1. governance, including such issues as the key features of the development of democratic institutions, democratic society, civil society, and citizen participation;
  2. the U.S. role in the world and issues of partnership and leadership - military, political, and economic dimensions; and
  3. key long-term future challenges confronting the United States and the world.

While the center does not engage in formulating actual policy, priority will be given to proposals related to these themes and intersecting with crucial public policy issues. Within this framework, the center also welcomes projects that provide the historical or cultural context for some of today's significant public policy debates.

National Humanities Center Fellowships ~ Deadline October 15 (anticipated)

The National Humanities Center offers residential fellowships for advanced study in the humanities during the academic year, September 2010 through May 2011. Most of the center's fellowships are unrestricted. Several, however, are designated for particular areas of research. These include environmental studies and history; English literature; art history or visual culture; French history, literature, or culture; Asian Studies; and theology.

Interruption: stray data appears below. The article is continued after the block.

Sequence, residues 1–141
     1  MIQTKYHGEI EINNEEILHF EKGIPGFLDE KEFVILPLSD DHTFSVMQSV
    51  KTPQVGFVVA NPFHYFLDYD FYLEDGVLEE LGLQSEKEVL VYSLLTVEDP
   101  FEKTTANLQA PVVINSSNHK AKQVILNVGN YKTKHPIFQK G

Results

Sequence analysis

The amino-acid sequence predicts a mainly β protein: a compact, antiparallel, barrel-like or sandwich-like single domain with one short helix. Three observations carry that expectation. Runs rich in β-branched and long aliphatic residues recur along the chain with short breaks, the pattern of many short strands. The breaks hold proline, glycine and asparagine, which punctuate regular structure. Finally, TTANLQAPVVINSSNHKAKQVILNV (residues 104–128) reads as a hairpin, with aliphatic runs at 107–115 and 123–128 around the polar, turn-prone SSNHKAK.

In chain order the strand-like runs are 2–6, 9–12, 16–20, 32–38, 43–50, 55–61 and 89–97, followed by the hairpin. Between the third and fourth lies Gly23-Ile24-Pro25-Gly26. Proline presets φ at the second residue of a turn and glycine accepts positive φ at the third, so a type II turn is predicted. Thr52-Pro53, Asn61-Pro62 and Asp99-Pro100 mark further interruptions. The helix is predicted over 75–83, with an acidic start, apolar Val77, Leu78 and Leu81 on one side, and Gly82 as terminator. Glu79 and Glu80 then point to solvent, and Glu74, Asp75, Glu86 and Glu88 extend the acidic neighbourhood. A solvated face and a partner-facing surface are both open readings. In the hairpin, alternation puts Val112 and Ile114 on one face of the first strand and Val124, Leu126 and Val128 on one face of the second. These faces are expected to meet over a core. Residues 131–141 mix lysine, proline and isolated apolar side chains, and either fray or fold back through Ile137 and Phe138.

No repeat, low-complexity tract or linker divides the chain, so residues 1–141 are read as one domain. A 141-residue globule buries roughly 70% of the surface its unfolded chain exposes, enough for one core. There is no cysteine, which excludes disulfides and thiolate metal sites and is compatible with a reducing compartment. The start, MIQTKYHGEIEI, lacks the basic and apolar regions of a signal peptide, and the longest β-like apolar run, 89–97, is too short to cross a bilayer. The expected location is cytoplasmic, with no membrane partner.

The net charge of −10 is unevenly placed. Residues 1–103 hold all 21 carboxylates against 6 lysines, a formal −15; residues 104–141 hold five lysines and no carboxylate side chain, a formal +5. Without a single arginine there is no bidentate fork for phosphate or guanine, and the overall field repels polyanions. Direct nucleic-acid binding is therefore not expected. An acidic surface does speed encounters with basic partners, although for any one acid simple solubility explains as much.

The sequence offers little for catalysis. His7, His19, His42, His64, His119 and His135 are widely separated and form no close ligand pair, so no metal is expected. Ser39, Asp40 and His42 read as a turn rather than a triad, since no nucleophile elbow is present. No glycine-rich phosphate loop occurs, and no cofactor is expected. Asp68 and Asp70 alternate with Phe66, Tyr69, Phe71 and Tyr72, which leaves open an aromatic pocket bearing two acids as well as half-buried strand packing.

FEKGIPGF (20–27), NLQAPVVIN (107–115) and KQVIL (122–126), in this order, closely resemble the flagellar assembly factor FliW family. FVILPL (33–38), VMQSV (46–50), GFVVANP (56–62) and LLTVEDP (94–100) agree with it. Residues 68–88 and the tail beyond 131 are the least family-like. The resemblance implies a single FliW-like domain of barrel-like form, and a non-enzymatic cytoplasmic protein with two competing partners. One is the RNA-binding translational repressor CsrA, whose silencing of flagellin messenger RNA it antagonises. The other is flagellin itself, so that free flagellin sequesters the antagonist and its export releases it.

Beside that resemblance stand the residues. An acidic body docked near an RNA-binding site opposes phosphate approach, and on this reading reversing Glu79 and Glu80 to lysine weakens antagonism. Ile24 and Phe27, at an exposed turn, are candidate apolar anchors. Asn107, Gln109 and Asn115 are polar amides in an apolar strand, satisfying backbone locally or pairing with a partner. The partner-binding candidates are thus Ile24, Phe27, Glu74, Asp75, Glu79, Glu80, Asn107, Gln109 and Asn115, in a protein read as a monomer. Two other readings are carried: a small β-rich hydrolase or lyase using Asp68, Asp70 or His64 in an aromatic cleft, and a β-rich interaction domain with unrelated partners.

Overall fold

Additional Resources

Some Upcoming Events

Smithsonian Science and Scholarship in Society Series: The Diplomacy of Science ~ September 10 in Washington

Celebrating the 40th Anniversary of the First Lunar Landing ~ On 25 May 1961, President Kennedy addressed a special Joint Session of Congress in which he articulated simply yet profoundly the bedrock of American democracy, “We stand for freedom.” That succinct yet eloquent statement was the starting point from which the President recognized the struggle of developing peoples for new beginnings in justice and prosperity. It was the same starting point from which the President promoted the cause of scientific excellence especially in the hope of a first lunar landing by the end of that decade. Though he tragically did not live to see that dream fulfilled, in July of 1969 the President's aspiration was realized. This year, we celebrate the 40th anniversary of that first lunar landing. In a most meaningful way, that giant leap for humanity is a fitting context for us today to consider the power of science and technology to be a bridge of understanding among nations for advancing the progress of freedom and justice for women, men and children of every culture and time. This special event will offer participants the opportunity to reflect critically upon science itself as a form of diplomacy for building world peace, harmony among nations, and mutual respect and compassion for all persons and communities all across the globe. While recalling the successes we have already experienced through the tremendous power of the sciences, this event will challenge each of us to become more deeply each day instruments of that gift President Kennedy articulated so well --- Freedom. The conference is free and open to the public; registration requested.